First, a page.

California Heat Wave Breaks Records, Strains Grid

Death Valley records Earth's highest September temperature ever

Vehicles drive past a sign on the 110 Freeway warning of extreme heat and urging energy conservation during a heat wave in downtown Los Angeles, California
A road sign warns about high heat in Los Angeles on Sept. 2, 2022. PATRICK T. FALLON / AFP via Getty Images
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The state of California entered September with record-breaking temperatures that strained its electrical grid. 

The record toppling began Thursday, the first of the month, when Death Valley reported the highest temperature ever recorded in September on planet Earth. Then, on Monday, areas around the Bay Area recorded daily, monthly and one all-time high. 

“It’s definitely record-setting,” National Weather Service (NWS) in Hanford, CA, lead meteorologist Bill South said, as The New York Times reported. “We get heat waves in September but rarely as intense as this one.”

The immediate cause of the high heat is a pressure dome that has moved westward and closed over California. On Thursday, it pushed the thermometer at Furnace Creek in Death Valley to 127 degrees Fahrenheit, as CBS News reported. That’s the highest temperature ever recorded anywhere on Earth during September. 

“The ground heats up, we’ve measured temperatures of 201 as far as ground temperatures. The ground is then radiating heat back up into the air,” Death Valley National Park spokeswoman Abby Wines said, as CBS News reported.

Death Valley, however, is considered one of the hottest places on Earth. It holds the record for highest temperature ever recorded — 134 degrees Fahrenheit in 1913. But the heat wave also saw records break in the Bay Area. On Monday, the city of Gilroy matched its September high of 112 degrees Fahrenheit, SFGate reported. A temperature of 112 degrees Fahrenheit in Santa Rosa broke that city’s September high, while a reading of 116 degrees Fahrenheit in Livermore was the highest ever recorded in the Bay Area. The city of Fairfield also recorded a 116-degree temperature, the San Francisco Chronicle reported. 

It’s possible that more records could be broken Tuesday — Fairefield could see even higher temperatures, according to the San Francisco Chronicle. Livermore is forecast to reach 118 degrees Fahrenheit, SFGate reported further.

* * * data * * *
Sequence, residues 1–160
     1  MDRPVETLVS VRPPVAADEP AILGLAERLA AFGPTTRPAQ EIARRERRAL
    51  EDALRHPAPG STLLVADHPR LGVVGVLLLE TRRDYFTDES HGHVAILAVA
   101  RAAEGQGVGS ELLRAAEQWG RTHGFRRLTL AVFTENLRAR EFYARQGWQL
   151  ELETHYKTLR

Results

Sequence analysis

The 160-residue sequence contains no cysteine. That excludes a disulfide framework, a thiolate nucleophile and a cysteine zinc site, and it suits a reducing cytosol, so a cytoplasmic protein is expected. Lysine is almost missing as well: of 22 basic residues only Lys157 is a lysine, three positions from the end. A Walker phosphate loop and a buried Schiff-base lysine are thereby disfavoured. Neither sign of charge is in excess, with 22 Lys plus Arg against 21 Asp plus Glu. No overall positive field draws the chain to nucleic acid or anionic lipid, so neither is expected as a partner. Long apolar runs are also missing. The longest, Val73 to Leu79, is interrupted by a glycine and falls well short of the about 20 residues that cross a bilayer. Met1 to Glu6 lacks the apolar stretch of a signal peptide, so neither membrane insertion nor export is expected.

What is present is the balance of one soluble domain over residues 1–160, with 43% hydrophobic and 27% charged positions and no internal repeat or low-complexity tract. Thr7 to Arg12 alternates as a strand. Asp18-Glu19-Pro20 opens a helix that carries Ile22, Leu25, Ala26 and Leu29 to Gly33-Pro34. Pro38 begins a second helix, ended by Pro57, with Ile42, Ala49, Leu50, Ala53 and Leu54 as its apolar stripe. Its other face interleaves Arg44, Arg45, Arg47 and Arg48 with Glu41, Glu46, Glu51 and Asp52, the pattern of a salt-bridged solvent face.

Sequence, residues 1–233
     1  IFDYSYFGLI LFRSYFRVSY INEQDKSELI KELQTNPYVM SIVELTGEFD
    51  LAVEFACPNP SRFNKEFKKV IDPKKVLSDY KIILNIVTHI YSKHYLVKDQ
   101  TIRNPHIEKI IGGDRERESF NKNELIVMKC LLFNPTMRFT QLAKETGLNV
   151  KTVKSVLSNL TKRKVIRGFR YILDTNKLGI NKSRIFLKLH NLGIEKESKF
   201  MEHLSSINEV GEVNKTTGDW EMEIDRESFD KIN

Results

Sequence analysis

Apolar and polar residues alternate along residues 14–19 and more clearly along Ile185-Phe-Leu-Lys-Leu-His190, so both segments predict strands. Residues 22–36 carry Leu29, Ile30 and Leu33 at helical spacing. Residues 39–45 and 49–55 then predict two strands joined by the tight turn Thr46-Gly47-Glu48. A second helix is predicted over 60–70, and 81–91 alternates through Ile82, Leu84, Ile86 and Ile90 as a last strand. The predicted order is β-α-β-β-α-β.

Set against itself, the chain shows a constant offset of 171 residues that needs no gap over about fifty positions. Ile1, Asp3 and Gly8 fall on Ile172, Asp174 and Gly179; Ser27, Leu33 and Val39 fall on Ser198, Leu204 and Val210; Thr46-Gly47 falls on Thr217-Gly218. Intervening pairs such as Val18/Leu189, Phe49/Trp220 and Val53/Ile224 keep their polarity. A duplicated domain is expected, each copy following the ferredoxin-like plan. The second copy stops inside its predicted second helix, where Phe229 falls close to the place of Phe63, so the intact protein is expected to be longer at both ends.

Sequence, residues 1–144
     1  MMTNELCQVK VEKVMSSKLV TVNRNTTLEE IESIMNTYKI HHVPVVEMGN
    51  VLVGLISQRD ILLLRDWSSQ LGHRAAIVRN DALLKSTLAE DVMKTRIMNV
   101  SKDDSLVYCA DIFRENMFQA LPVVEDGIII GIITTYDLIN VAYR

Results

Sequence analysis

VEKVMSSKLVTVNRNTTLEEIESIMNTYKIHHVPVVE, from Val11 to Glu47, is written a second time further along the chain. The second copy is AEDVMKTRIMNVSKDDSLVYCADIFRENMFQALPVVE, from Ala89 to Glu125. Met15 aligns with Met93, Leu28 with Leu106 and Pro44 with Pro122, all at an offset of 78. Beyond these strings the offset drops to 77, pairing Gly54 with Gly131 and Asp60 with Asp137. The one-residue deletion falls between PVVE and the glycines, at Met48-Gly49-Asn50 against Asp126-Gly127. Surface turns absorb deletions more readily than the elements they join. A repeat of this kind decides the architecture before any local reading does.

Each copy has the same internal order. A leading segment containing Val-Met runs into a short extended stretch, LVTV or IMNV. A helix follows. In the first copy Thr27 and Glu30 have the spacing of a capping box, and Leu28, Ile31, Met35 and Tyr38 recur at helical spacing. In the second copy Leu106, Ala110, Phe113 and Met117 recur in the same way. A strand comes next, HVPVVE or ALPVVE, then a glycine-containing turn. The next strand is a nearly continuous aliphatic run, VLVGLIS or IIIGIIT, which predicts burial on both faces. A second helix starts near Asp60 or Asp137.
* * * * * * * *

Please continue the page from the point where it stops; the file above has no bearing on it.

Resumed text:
“Early morning temperatures in the East Bay and higher terrain are running 5 to 10 degrees higher today than they were yesterday,” NWS forecaster Brooke Bingaman told SFGate. “That’s why they increased the forecast in Livermore up to 118.”

The cities of Stockton and Sacramento also broke September records Monday with temperatures of 112 degrees Fahrenheit and 113 degrees Fahrenheit respectively, according to NWS. Temperatures in Sacramento could reach 115 degrees Fahrenheit Tuesday, which would top the city’s all-time high of 114 degrees Fahrenheit.

In Southern California, Pasadena broke a daily record over the weekend, as The New York Times reported. The city of Fresno in the Central Valley was forecast to top its September high Tuesday. 

All of this heat has put strain on California’s electrical grid. The grid’s managers declared and then canceled an emergency on Monday, and managed to end the holiday weekend without blackouts, The Sacramento Bee reported. However, blackouts are still a possibility for Tuesday, as the state gets back to work amidst the high heat. It is possible that demand could break a 16-year record and reach 51,144 megawatts. 

“We are on razor thin margins,” vice chairman of the California Energy Commission Siva Gunda said, as The Sacramento Bee reported.

The high temperatures are also fanning the flames of wildfires: the Mill Fire and Mountain Fire are raging in Northern California while the Route Fire is burning in Southern California, The Washington Post reported. The Mill Fire claimed two lives, burned 50 structures and forced around 1,000 to evacuate, CNN reported. 

The climate crisis is making heat waves more frequent and extreme. That said, California cities have been reporting record-breaking temperatures for more than 50 years, The New York Times pointed out.

“Obviously, climate change is real and very important, and we must move aggressively,” University of Colorado Boulder environmental science professor Roger Pielke Jr. told The New York Times. “But it’s not like there’s a safe climate that we’ve turned into a dangerous one.”

On the other hand, research meteorologist Alexander Gershunov of the Scripps Institution of Oceanography told The Washington Post that there was something different about the current California heat waves: They are more humid.

“With higher humidity, temperatures don’t really drop that much at night,” he said. “And in terms of health impacts, that pretty much removes the nighttime respite that we need to face another day of scorching heat.”

He also said that more frequent, intense heat waves were to be expected as global temperatures warm, as they are “the most closely-related and directly-impacted by global warming” of any extreme weather event.

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